02-18-2014 06:20 PM
02-18-2014 08:21 PM
"... you will have it fixed at the maximum FL 99.9% of the time ..."
This is a fact.
A lens without an tele extender is always preferable to one with it. Remember there is no free lunch in photography. You give to get.
02-22-2014 11:14 AM - edited 02-22-2014 11:21 AM
My vote goes for the 300/4 IS....
But I'd suggest you go ahead and get a 1.4X to use with it, too. To shoot wildlife, particularly with a full frame camera, you will need more than 300mm reach.
300/4 IS with EF1.4X II.....
The 300/4 IS is little larger than your 70-200/2.8. But not much.... it's still very hand holdable and portable. It also uses the same 77mm filters, so it can share any you might already have and use. However, I'd note that this lens "doesn't like" filters. A protection filter on it will cause quite a bit of image quality loss (though not as much as one on the EF 100-400L).
The 300/4 was was one of the very first lenses to get Image Stabilization, so is an older design. It might not be the latest and greatest IS, but it's still helpful and works. It's IS is probably worth 2 or 3 stops, where you likely see 3 or 4 stops assistance with your 70-200. Like your lens, it's got Mode 1 and Mode 2 IS, and a focus limiter.
One thing, if using the lens on a tripod, locked down so that there's no movement, this is one of the lenses where IS needs to be turned off or it can go into sort of a feedback loop where it actually causes movement! Your 70-200 has a more sophisticated form of IS (as do all the Canon 70-200 with IS), that self-detects lack of movement and shuts itself down when not needed. I use the lens primarily handheld, occasionally on a monopod (for the black tail deer shot above) and on the rare occasion when I put it on a tripod, it's on a loose gimbal mount to allow following moving subjects... so I really can't recall ever turning IS off on my copy of the lens.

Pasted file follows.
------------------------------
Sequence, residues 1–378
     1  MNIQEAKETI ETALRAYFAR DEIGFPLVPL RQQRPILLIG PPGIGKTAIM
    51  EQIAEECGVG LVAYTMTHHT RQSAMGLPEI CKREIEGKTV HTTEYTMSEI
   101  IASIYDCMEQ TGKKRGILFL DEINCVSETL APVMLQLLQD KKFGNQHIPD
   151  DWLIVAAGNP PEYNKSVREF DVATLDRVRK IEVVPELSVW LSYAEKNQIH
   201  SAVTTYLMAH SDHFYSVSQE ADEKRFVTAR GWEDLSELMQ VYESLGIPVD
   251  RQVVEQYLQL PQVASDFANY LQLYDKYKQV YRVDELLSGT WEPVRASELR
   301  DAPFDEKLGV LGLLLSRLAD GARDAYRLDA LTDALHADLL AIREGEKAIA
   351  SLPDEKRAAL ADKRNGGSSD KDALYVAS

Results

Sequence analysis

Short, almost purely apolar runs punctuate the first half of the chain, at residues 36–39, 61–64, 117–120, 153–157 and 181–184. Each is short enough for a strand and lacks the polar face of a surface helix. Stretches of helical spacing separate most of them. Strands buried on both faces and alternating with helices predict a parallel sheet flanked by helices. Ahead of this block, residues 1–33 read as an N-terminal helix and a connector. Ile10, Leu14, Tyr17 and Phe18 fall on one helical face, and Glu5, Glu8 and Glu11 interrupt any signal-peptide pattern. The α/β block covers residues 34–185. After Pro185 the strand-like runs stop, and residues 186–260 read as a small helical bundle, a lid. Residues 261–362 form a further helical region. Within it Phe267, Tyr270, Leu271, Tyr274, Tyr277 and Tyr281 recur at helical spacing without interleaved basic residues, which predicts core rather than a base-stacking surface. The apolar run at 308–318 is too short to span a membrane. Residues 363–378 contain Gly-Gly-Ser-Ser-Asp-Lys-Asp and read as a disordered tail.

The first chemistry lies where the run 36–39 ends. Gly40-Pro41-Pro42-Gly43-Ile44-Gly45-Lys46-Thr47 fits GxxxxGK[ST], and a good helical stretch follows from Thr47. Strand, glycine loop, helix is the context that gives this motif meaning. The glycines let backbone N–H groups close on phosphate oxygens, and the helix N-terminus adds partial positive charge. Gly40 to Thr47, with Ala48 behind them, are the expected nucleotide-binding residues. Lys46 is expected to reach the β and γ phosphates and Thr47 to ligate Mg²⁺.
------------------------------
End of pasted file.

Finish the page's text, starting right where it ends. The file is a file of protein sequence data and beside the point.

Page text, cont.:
A minor characteristic of this lens is that it tends to add a purple tint to specular highlights. I've seen this with other lenses and think it's due to a certain type of glass used in the lens. It really isn't a problem, it's easily fixed in post-processing, if at all. It's present in eye catchlights of the above hawk shot, but doesn't bother me so I left it alone. Here's a tight crop from the image showing the effect....
Another popular Canon lens you may want to consider for wildlife is the EF 400/5.6L. It's very sharp too, and yet it's still quite portable. Unfortunately it doesn't have IS and as an f5.6 lens, adding any teleconverter to it (even a 1.4X) will cause it to not auto focus on your camera (there are sneaky ways to get it to try to focus, such as taping up a couple pins on the TC, but it still will be slow and hunt more). Personally I prefer the 300/4 and 1.4X TC over the 400mm lens, since the 300mm works so well with a TC that I get two very useful focal lengths, instead of just 400mm.
I shoot a lot of sports and less wildlife. About 90% of the time I'm using a pair of crop cameras (7D) and my most used lenses are 70-200 on one and the 300/4 on the other. Above images, however, were both shot with the 300mm on 5DII.
03-09-2014 01:26 PM - edited 03-09-2014 01:36 PM
03-09-2014 01:52 PM
Just a point, if you have a 400mm lens with a 1.4x extender on a 1D Mk IIn, your efective focal length is 728mm.
Not 560mm. With the 2x installed it would be 1040mm. This is some serious focal length!